By Dallas Morning News
WASHINGTON — Sen. Ted Cruz ruled out supporting a U.S. strike on Syria, asserting Wednesday that the poison gas attack on civilians doesn’t demand an American response.
“It is not the responsibility of the United States military to serve as the policeman of the world,” he said after a classified Senate Armed Services Committee briefing with Defense Secretary Chuck Hagel and Gen. Martin Dempsey, chairman of the Joint Chiefs of Staff. “Inserting the United States in a sectarian civil war in Syria is extraordinarily perilous.”
Cruz has now squarely aligned himself with the noninterventionist camp. He maintained that the U.S. has no national security interest in Syria, where civil war has cost more than 100,000 lives and has displaced millions.
His forceful rejection of U.S. engagement in Syria puts some pressure on fellow Texas Sen. John Cornyn, the deputy GOP Senate leader.
Cornyn, who faces re-election next year, has been sharply critical of President Barack Obama. He says the administration hasn’t explained very well why U.S. involvement is justified. He hasn’t yet said whether he would oppose intervention, though.
Cruz’s stance also ensures little distance on Syria between him and Sen. Rand Paul, R-Ky., a more libertarian-style tea partier who also is eyeing a 2016 presidential race.
Chemical attacks last month outside Damascus killed more than 1,400 civilians, the administration says. Obama blames President Bashar Assad, saying his violation of a long-standing international “red line” demands a military response.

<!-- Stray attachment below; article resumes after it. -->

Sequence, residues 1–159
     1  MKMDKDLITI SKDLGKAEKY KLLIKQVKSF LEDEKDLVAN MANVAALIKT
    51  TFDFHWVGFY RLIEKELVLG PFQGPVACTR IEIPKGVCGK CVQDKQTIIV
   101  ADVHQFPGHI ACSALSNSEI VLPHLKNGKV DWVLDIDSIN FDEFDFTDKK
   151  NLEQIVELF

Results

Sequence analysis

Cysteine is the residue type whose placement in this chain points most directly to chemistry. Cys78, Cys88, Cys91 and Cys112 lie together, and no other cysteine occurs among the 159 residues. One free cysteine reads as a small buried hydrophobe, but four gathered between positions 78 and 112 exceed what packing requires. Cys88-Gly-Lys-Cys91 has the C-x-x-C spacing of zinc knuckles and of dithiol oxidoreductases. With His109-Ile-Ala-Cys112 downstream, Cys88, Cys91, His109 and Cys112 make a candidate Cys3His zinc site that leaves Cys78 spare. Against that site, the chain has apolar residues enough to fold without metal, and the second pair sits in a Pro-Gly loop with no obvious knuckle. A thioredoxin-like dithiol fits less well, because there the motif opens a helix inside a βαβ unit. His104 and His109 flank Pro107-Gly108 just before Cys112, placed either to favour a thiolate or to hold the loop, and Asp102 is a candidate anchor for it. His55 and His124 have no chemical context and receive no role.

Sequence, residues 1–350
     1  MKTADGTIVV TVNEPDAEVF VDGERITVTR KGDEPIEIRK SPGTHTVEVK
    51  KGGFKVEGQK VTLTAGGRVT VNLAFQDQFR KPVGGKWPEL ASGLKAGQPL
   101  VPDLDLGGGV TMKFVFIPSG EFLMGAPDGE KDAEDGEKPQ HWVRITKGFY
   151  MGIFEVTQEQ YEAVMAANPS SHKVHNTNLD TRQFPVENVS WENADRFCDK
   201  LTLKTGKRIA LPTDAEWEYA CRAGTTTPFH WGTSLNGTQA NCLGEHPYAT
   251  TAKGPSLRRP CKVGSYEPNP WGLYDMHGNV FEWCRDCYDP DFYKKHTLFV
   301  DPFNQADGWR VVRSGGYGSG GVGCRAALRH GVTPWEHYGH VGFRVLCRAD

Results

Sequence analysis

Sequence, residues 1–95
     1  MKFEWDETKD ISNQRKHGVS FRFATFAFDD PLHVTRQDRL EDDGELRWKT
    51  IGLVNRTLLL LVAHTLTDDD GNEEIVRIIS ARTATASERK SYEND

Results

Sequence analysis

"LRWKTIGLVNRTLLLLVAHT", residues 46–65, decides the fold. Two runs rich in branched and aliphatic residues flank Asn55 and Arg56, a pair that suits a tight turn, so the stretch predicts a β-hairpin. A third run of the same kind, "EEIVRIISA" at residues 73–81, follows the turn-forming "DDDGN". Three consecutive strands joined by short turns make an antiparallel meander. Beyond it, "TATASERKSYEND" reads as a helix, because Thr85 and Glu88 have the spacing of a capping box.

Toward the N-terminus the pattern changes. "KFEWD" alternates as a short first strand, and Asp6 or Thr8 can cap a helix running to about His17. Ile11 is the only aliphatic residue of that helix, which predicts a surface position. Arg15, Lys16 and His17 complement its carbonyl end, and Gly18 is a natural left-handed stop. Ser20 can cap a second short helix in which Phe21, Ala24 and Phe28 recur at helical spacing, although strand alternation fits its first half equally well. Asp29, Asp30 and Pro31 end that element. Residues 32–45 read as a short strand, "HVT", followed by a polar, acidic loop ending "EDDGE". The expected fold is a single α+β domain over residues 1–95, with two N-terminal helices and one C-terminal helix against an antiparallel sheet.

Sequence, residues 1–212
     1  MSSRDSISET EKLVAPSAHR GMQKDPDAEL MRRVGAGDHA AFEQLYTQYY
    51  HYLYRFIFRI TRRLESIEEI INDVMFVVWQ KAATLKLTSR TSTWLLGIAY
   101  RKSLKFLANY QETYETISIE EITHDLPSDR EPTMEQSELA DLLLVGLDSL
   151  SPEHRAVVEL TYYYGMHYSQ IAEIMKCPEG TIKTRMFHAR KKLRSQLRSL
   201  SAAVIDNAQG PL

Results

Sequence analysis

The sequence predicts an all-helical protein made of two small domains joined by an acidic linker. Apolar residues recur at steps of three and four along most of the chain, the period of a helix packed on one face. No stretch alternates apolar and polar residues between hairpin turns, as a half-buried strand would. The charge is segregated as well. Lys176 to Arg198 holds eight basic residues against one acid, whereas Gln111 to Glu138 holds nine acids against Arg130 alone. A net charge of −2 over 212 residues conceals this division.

Cruz said he had “grave concerns” with Obama’s proposal. Speaking after the three-hour briefing with Hagel, whose confirmation he opposed, he rejected a limited attack as “a purely symbolic slap on the wrist” that would only embolden U.S. adversaries such as Iran.
“The U.S. military should be focused on one thing — protecting the vital national security interest of the United States of America,” Cruz said.
He also rejected any more muscular intervention. And he warned that a U.S. strike could aid al-Qaeda or other terrorist groups operating among the Syrian rebels. He made the same point more colorfully Tuesday on conservative Glenn Beck’s radio show, saying a strike would make the U.S. into “al-Qaeda’s air force.”
That earned him a stern rebuke from an Illinois lawmaker, a fellow Republican.
“That is a cheap line by some people to garner headlines and not a serious discussion about what is going on in Syria,” Rep. Adam Kinzinger, an Air National Guard pilot and Air Force veteran, said Wednesday at a House Foreign Affairs Committee hearing attended by several Texans.
Rep. Michael McCaul, R-Austin, chairman of the Homeland Security Committee, echoed Cruz’s concerns about a power void after a U.S. strike.
Most newcomers to Syria joining the rebels are jihadists, he said. Secretary of State John Kerry called that claim exaggerated.
“Anything at this point to empower jihadists concerns me,” McCaul said. “Who is going to fill the vacuum when the Assad regime falls? And we know it will.”
Rep. Ted Poe, R-Humble, another committee member, said U.S. policy seems incoherent.
“My concern is specifically how we want to do something to punish the bad guy Assad, but we’re not going to shoot him because we don’t want to destabilize the war,” he said.
Freshman Rep. Joaquin Castro, D-San Antonio, was far more open to Obama’s plans, though not quite ready to commit.
“I’m open to military strikes, but I want to review the evidence,” he said.
But his constituents oppose military action, according to the 1,500 comments he has received through social media.
“There’s no question,” he said. “Most of them were against it.”